PubMed

    Méndez-Bautista, Joaquín; Fernández-Luqueño, Fabián; López-Valdez, Fernando; Mendoza-Cristino, Reyna; Montes-Molina, Joaquín A; Gutierrez-Miceli, F A; Dendooven, L

    2009-07-01

    Extracts of neem (Azadirachta indica A. Juss.) and Gliricidia sepium Jacquin, locally known as 'mata-raton', are used to control pests of maize. Their application, however, is known to affect soil microorganisms. We investigated if these extracts affected emissions of methane (CH4), carbon dioxide (CO2) and nitrous oxide (N2O), important greenhouse gases, and dynamics of soil inorganic N. Soil was treated with extracts of neem, mata-raton or lambda-cyhalothrin, used as chemical control. The soil was amended with or without urea and incubated at 40% and 100% water holding capacity (WHC). Concentrations of ammonium (NH4+), nitrite (NO2(-)) and nitrate (NO3(-)) and emissions of CH4, CO2 and N2O were monitored for 7d. Treating urea-amended soil with extracts of neem, mata-raton or lambda-cyhalothrin reduced the emission of CO2 significantly compared to the untreated soil with the largest decrease found in the latter. Oxidation of CH4 was inhibited by extracts of neem in the unamended soil, and by neem, mata-raton and lambda-cyhalothrin in the urea-amended soil compared to the untreated soil. Neem, mata-raton and lambda-cyhalothrin reduced the N2O emission from the unamended soil incubated at 40%WHC compared to the untreated soil. Extracts of neem, mata-raton and lambda-cyhalothrin had no significant effect on dynamics of NH4(+), NO2(-) and NO(3)(-). It was found that emission of CO2 and oxidation of CH4 was inhibited in the urea-amended soil treated with extracts of neem, mata-raton and lambda-cyhalothrin, but ammonification, N2O emission and nitrification were not affected.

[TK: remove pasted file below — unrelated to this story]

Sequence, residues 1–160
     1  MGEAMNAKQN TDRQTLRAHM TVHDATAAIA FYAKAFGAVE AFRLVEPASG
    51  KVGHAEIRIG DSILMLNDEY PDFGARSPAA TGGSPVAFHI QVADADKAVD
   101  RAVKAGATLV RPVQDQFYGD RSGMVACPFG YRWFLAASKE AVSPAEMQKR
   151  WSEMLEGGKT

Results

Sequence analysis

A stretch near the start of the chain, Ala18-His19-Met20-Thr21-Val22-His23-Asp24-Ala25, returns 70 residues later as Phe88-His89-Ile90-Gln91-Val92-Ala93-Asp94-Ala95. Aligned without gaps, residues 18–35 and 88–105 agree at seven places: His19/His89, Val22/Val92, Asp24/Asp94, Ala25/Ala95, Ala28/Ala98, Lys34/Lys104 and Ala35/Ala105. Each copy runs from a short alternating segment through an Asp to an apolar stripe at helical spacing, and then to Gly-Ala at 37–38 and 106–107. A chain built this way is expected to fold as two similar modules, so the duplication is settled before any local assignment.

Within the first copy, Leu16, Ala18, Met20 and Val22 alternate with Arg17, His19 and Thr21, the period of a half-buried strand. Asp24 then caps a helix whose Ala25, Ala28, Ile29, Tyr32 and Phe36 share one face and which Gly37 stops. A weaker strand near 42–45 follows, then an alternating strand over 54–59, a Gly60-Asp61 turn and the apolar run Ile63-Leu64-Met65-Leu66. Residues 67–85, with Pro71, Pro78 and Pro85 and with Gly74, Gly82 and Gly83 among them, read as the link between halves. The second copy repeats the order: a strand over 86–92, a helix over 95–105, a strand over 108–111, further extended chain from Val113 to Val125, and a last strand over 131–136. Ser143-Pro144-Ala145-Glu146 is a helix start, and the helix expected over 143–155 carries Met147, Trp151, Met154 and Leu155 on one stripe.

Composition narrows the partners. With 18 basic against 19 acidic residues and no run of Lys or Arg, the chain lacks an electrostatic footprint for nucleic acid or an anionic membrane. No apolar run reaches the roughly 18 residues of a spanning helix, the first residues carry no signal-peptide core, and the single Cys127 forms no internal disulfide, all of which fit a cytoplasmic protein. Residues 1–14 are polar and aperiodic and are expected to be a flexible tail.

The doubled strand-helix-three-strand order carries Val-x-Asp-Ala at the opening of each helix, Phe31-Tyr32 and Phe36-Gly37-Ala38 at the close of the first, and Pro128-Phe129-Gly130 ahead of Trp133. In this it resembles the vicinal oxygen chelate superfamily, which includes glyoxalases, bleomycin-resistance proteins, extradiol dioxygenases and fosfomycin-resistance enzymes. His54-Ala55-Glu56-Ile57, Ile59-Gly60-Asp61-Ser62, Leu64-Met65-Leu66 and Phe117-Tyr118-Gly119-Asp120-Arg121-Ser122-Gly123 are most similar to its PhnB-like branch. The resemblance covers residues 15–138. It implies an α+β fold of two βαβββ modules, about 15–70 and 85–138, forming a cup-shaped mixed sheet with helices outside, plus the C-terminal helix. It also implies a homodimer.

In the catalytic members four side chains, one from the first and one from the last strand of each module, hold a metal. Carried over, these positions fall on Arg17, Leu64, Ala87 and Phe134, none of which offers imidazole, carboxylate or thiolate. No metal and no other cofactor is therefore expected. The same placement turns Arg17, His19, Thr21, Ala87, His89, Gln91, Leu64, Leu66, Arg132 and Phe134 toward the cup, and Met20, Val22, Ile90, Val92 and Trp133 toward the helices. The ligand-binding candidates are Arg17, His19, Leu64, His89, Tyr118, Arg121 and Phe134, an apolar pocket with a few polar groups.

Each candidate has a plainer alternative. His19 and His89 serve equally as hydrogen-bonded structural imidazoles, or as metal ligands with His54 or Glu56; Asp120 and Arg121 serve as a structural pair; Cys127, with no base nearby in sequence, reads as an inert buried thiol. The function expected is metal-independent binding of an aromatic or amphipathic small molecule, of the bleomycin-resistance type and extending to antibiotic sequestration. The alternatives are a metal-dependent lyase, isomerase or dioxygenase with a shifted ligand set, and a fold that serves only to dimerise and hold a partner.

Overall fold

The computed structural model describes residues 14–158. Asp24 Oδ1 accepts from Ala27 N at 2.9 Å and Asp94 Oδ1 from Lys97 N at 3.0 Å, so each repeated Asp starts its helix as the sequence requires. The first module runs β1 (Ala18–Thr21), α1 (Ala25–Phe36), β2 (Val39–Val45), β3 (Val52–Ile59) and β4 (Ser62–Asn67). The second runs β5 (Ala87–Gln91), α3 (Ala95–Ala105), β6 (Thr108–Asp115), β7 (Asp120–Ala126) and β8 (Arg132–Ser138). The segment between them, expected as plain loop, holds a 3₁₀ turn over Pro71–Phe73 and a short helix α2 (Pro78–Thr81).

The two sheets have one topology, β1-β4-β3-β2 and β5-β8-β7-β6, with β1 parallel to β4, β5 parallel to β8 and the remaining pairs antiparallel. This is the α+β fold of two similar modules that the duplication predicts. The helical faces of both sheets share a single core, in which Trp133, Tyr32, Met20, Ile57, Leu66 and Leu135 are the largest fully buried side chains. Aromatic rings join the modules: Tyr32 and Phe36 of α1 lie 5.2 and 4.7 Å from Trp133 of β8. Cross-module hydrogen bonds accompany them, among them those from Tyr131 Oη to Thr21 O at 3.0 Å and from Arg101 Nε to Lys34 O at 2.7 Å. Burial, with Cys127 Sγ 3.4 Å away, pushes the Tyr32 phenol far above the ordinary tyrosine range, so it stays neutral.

4. Daily and seasonal changes in soil amino acid composition in a semiarid grassland exposed to elevated CO2 and warming